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RELEASE: ACLU disregards disability rights protections

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  • sndrake@aol.com
    For Immediate Release: October 31, 2003 Contact: Diane Coleman 708-209-1500 ext 11 Janine Kemp 503-622-6387 or 503-504-9787(cell) ACLU disregards disability
    Message 1 of 1 , Oct 31, 2003
      For Immediate Release:
      October 31, 2003
      Contact:  Diane Coleman 708-209-1500 ext 11
                    Janine Kemp 503-622-6387
                    or 503-504-9787(cell)

      ACLU disregards disability rights protections, says national group

      Thirteen years after the Americans with Disabilities Act was
      signed into law by Pres. George Bush, our current president's
      father, the American Civil Liberties Union is ignoring the law's
      nondiscrimination protections for people with disabilities --
      including people like Terri Schiavo.  The ACLU, an organization
      that claims to enforce the Bill of Rights, has set aside
      Terri Schiavo's due process rights, in favor of a guardian who
      wants to starve her to death because of her disabilities.

      "Treating people differently based on health or disability status
      violates the rights of people with disabilities under the ADA. 
      Absent proof that it is truly the person's decision, withholding
      medical care based on the belief that he or she would rationally
      want to die because of a disability is discriminatory," said the
      statement released Monday by over 20 national disability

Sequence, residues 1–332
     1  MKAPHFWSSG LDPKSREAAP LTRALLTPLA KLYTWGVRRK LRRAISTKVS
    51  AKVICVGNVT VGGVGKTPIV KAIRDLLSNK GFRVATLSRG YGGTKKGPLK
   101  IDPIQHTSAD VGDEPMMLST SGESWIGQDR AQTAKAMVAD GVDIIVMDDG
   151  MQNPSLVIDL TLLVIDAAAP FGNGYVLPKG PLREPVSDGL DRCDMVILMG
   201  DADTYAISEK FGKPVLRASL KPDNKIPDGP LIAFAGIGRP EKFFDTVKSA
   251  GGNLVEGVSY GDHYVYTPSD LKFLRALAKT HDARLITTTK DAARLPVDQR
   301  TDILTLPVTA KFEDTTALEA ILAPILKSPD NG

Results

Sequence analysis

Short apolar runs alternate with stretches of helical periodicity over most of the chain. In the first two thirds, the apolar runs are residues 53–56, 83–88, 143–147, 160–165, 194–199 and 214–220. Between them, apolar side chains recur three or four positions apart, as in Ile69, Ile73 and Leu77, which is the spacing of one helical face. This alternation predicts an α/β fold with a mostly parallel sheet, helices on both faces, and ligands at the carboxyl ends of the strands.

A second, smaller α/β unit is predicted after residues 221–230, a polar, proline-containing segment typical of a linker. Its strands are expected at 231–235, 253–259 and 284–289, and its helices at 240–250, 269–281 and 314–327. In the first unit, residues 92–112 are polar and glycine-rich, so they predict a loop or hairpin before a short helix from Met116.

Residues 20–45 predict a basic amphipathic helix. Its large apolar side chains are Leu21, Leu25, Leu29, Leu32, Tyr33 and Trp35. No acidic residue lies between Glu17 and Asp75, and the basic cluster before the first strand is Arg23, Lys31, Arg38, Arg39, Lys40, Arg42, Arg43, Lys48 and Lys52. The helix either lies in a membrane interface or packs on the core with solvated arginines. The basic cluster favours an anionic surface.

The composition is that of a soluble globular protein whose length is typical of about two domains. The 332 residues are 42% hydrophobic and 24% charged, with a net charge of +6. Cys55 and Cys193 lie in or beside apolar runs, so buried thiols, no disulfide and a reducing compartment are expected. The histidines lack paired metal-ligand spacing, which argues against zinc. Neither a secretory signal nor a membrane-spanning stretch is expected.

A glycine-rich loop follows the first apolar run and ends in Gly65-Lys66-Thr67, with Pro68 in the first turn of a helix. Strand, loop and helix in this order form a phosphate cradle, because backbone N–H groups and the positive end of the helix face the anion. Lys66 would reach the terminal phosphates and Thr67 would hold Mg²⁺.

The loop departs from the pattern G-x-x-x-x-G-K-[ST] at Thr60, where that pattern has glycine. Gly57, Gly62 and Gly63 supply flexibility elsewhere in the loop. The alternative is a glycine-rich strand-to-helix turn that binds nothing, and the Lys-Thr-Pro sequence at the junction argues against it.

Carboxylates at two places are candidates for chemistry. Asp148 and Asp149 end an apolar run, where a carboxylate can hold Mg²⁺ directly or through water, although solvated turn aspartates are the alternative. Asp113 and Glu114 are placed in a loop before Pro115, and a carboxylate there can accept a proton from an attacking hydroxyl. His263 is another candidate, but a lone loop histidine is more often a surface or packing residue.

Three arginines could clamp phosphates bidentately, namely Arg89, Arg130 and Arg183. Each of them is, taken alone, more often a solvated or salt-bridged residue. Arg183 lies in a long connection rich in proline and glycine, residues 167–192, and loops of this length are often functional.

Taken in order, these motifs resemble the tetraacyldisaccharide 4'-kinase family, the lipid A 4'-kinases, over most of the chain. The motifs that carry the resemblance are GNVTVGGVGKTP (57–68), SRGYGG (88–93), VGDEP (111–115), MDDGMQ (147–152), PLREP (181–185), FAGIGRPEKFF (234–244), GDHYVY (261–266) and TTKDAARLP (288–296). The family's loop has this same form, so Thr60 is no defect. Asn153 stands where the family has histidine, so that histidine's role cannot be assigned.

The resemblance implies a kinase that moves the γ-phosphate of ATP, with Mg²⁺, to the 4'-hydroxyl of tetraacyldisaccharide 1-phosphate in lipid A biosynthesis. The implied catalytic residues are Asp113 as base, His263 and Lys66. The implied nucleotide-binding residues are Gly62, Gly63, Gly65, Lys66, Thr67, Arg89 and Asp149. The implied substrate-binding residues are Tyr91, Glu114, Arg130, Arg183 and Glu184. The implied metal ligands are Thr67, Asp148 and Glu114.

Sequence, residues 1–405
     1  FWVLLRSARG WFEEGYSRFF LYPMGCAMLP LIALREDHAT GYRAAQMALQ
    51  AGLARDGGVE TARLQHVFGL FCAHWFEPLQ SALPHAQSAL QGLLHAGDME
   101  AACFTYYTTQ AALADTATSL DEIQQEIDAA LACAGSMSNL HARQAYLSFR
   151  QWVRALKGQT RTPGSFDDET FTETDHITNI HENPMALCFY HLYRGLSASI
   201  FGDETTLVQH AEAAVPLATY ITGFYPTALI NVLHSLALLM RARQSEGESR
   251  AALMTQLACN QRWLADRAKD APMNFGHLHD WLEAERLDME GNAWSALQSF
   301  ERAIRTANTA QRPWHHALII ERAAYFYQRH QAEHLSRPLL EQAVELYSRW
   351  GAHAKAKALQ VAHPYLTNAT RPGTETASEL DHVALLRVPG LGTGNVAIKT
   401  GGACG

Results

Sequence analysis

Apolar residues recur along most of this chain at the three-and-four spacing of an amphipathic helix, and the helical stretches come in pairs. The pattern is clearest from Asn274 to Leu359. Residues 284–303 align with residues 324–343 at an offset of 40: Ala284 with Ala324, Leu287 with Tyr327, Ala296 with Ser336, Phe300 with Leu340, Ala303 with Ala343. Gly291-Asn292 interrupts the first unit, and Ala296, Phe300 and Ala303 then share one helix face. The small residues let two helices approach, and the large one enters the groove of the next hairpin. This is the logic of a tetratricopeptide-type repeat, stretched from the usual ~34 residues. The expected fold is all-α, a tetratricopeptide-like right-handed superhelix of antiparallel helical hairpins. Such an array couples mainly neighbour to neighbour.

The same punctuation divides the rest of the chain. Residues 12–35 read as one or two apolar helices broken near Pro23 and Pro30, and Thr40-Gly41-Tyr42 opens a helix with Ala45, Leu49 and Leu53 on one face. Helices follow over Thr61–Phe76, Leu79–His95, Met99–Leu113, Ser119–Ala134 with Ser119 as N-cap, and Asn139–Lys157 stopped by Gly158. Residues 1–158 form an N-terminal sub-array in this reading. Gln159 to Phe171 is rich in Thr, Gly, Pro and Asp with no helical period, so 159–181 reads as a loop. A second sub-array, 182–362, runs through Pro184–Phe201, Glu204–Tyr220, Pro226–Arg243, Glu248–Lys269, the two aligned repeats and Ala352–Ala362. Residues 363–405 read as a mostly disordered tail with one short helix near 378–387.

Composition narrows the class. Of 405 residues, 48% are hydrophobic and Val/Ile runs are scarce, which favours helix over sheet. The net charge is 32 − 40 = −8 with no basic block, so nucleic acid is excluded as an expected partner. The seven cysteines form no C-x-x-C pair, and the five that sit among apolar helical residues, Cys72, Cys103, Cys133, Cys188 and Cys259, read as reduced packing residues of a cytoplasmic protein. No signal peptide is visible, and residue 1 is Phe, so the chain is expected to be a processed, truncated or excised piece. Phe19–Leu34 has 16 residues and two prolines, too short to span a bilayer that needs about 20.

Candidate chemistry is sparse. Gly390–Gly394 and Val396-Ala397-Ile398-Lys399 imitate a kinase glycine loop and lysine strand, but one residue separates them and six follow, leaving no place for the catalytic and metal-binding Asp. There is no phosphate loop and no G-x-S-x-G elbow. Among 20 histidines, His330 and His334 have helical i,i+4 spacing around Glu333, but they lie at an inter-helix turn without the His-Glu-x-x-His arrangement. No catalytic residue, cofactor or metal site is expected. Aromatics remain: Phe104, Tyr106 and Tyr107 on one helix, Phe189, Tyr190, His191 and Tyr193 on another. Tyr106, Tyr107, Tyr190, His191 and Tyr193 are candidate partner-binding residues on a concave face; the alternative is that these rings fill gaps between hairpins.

groups including ADA Watch, the National Coalition for Disability
      Rights, the National Coalition on Self-Determination and the
      National Council on Independent Living.

      "If this situation related to the 1964 Civil Rights Act, and the rights
      of African-Americans or non-disabled women were threatened,
      the ACLU would jump in on the side of saving, not ending, life,"
      said ADA Watch's Jim Ward. "It's frightening that the opinions
      and desires of a person with a disability are so devalued that
      Terri Schiavo's life could be ended on the basis of hearsay from
      a husband who may have conflict of interest."

      "This is not the first time that the ACLU has gone to court to
      argue for a discriminatory so-called 'right' for a disabled woman
      to be starved to death in the absence of any terminal condition,"
      said Diane Coleman, President of Not Dead Yet.  "In California,
      they brought the infamous 'right to die' case involving
      Elizabeth Bouvia, a woman with cerebral palsy.  Because of
      her disability, the ACLU viewed this depressed 26-year-old
      woman as the equivalent of someone who was imminently dying. 
      Fortunately, by the time they won the case, Ms. Bouvia had
      recovered from her suicidal crisis and did not choose to die. 
      But in Terri Schiavo's case, there's no credible evidence that
      this is her choice.  Ms. Schiavo is very clearly determined to live."

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